From the desk of Jenny Haggerty:
Open any of Jane Austen’s six completed novels and you’re guaranteed a moving story told with wit and insight, but what fan doesn’t wish Austen had time to complete more books. That’s why I treasure well done Austen-inspired fiction, so when I discovered Ann Mychal had written Brinshore, her second Austen themed book, I was full of hopeful anticipation. Mychal’s first novel, Emma and Elizabeth, is among my favorite adaptations. It completes Austen’s intriguing unfinished novel The Watsons by telling the story of two Watson sisters, Emma and Elizabeth, daughters of an impoverished clergyman. The girls were raised separately under very different conditions but reunited when they were both young ladies. Brinshore continues the tale, this time focusing on their daughters Emma (named after her mother) and Anne, and it takes its inspiration from another of Austen’s novel fragments, Sanditon.
Cousins Emma Osborne and Anne Musgrave could not be more different in temperament. Emma is an outspoken girl, direct in her opinions in the mode of her Mr. Darcy-like father, Lord Osborne, while Anne is a gentler, nature-loving soul who goes into rhapsodies over a piece of seaweed. Neither girl has experienced the hardships of their mothers because both of those women married well. The novel opens in 1816 so the wars with Napoleon are over and Captain Charles Blake will soon be returning to their community, a circumstance that Emma awaits with much excitement.
The end of the wars also means that people are ready to enjoy themselves more, and in that spirit the girls’ utterly practical, unromantic Aunt Harding (reminiscent of Charlotte Collins) shocks everyone with a big announcement. She’s decided to sell the Chichester house she shared with her now-deceased husband to move to Brinshore, a tiny seashore town not far from Sanditon, and she’s inviting both her nieces to come to stay with her. Anne is excited right away–the seashells she can collect! The tide pools she can sketch! But Emma is indifferent, she’d rather go to more fashionable Brighton, until she learns that Captain Blake will be spending time in nearby Sanditon.
Emma has known Charles Blake since childhood, he was like a big brother to her, but while he was away at war she’s fallen in love from afar. He’s beneath her in station, but that’s not a problem. While her grandmother hopes she’ll marry an earl or duke, her parents treasure their own loving relationship and would approve the match if it would make Emma happy. The problem resides in Charles himself. He is so good-natured and affable to all that it’s difficult to determine if he returns Emma’s affection in kind. Plus he seems to have a lot more in common with Emma’s equally amiable and nature-obsessed cousin Anne, a situation Emma is blind to.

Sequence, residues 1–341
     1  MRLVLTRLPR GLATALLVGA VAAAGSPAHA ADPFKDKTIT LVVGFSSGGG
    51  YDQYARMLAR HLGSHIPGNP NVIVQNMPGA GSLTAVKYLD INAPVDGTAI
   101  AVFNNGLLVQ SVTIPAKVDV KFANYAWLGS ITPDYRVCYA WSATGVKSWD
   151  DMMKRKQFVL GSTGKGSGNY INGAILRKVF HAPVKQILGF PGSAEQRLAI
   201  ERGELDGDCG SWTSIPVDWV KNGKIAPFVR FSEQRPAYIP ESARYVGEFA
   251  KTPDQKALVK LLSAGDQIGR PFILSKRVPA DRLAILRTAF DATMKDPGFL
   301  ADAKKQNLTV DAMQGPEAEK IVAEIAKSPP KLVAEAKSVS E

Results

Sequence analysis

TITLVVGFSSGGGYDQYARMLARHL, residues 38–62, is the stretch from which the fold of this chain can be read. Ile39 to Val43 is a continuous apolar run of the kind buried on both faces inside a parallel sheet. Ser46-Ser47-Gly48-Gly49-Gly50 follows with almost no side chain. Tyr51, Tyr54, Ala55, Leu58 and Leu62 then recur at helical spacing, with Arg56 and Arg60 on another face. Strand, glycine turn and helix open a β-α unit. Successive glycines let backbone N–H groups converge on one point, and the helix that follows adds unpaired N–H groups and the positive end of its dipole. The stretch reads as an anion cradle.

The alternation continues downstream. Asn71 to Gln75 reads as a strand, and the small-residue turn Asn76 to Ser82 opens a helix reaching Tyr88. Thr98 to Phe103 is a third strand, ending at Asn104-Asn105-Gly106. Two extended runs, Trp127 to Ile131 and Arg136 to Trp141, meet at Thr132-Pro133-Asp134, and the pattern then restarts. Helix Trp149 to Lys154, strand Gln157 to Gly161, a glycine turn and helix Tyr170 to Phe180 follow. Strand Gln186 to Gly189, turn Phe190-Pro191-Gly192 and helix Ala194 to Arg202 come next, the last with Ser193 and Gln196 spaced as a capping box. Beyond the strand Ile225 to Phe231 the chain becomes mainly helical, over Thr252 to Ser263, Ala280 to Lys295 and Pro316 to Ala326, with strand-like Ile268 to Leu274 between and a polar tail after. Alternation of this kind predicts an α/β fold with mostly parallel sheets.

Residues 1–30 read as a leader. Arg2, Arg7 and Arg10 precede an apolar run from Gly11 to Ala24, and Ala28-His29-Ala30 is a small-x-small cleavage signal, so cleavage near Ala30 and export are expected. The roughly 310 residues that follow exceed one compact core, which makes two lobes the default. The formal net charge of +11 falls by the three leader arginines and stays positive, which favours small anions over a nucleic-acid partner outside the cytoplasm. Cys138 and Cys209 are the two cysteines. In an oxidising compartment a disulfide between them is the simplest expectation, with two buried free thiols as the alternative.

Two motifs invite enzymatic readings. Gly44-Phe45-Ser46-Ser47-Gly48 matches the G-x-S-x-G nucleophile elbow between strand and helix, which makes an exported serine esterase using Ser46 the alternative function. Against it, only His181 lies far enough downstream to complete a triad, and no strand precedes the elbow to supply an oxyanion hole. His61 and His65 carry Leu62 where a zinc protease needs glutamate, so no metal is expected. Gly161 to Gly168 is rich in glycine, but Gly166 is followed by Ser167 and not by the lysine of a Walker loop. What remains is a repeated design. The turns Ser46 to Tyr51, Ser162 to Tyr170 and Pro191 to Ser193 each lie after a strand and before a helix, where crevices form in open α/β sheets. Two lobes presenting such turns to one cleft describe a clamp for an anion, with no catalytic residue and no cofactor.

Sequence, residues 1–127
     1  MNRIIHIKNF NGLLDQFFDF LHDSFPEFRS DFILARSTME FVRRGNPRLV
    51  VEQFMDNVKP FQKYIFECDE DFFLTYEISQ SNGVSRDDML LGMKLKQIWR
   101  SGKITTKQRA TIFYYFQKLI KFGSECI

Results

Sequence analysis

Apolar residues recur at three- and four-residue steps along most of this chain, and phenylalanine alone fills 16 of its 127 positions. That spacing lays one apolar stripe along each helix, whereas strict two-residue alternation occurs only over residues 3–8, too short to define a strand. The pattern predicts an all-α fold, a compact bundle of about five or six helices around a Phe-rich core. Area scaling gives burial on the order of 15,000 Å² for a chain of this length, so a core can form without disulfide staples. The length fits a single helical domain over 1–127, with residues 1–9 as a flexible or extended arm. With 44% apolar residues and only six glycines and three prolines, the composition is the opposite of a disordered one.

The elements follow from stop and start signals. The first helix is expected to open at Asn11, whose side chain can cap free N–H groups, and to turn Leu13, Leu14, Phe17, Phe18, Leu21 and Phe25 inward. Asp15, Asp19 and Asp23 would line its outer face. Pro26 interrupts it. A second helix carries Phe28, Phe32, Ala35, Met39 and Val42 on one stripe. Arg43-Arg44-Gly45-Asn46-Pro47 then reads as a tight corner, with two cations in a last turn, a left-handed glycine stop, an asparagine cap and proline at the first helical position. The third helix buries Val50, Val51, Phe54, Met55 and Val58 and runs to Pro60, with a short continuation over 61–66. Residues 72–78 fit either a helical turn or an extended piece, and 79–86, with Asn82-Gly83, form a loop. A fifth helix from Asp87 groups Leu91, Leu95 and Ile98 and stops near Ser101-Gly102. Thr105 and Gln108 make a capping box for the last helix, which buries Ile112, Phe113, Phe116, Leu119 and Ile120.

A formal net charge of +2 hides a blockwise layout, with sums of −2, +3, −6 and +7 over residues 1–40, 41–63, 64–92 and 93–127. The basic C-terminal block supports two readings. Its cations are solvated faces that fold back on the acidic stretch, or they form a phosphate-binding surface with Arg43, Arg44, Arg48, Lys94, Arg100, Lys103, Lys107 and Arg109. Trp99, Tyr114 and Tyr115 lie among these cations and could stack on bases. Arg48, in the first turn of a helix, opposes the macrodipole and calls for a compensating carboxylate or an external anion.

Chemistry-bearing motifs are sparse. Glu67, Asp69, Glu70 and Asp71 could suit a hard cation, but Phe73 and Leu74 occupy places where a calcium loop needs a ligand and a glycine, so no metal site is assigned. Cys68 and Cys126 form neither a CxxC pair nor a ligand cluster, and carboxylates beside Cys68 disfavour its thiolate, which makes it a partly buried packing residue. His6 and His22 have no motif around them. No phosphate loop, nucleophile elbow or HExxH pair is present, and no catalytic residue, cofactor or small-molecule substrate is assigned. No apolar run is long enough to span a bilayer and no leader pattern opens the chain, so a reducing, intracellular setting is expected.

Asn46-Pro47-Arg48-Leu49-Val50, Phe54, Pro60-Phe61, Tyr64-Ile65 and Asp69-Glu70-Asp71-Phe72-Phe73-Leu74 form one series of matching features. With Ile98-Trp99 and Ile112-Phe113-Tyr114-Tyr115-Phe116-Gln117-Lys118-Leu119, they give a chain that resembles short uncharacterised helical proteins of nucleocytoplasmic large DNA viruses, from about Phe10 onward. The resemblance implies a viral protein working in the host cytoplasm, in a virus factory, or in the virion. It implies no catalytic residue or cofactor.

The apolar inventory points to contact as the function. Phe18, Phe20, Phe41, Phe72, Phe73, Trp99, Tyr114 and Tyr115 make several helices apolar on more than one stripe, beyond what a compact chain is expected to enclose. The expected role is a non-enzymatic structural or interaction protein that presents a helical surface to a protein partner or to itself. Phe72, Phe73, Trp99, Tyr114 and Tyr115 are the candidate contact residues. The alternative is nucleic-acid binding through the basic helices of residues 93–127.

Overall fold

Add to this mix Mr. Fitzroy, who is working with Charles Blake on some mysterious, yet to be disclosed project. He and Emma bump heads immediately, almost literally, when Emma steps into the street without looking and is practically knocked down by his gig. When she demands that he take note of her now muddied frock he responds, “Charming, though a little too fancy for shopping.” He believes she’s spoiled; she thinks he’s rude. Unfortunately (or not?), they’ll encounter each other again and again through their connection with Charles Blake.
There are thrilling intimations of Austen throughout the story, including characters and well-known lines from her novels, but Emma hasn’t read any of Austen’s books. When Mr. Fitzroy gives her a copy of Pride and Prejudice she at first has no interest, assuming by its title that it’s a book of moralizing sermons, maybe by Mr. Fordyce. Because she’s attractive, clever, rich, and tries her hand at matchmaking, Emma Osborne has qualities in common with Austen’s more well-known Emma, which can make her a little hard to love sometimes (Austen described her Emma as a character that no-one but herself would like much), but her boldness leads to acts of courage and compassion, and she’s certainly no snob, so she won my heart.
Mychal’s book also has some of Austen’s wonderful humor. Emma’s Aunt Harding, for instance, is as besotted with Brinshore as Mr. Parker from Austen’s Sanditon is of his town, and the two of them compete ridiculously in this book, each scheming to make their chosen locale the next hot spot. Austen assumed her readers were aware of the historical circumstances of her stories since they were written during the time that they were set, but I enjoyed all the explicit touches of history Mychal adds to her story.
Witty and entertaining, Mychal has breathed new life into a novel remnant Austen had to leave incomplete, creating a story with appealing characters, complicated courtships, emotion tugging family dynamics, a solemn deathbed promise, and a deeply satisfying ending. Add to all that the scenic beachside setting and I’m happy to report Brinshore pleased me as much as its predecessor, more even because of the added pleasure of catching up with old friends.
5 out of 5 Stars
Brinshore: The Watson Novels Books 2, by Ann Mychal
J G Books (2015)
Trade paperback & eBook (280) pages
Cover image courtesy of J G Books © 2015; text Jenny Haggerty © 2015, Austenprose.com
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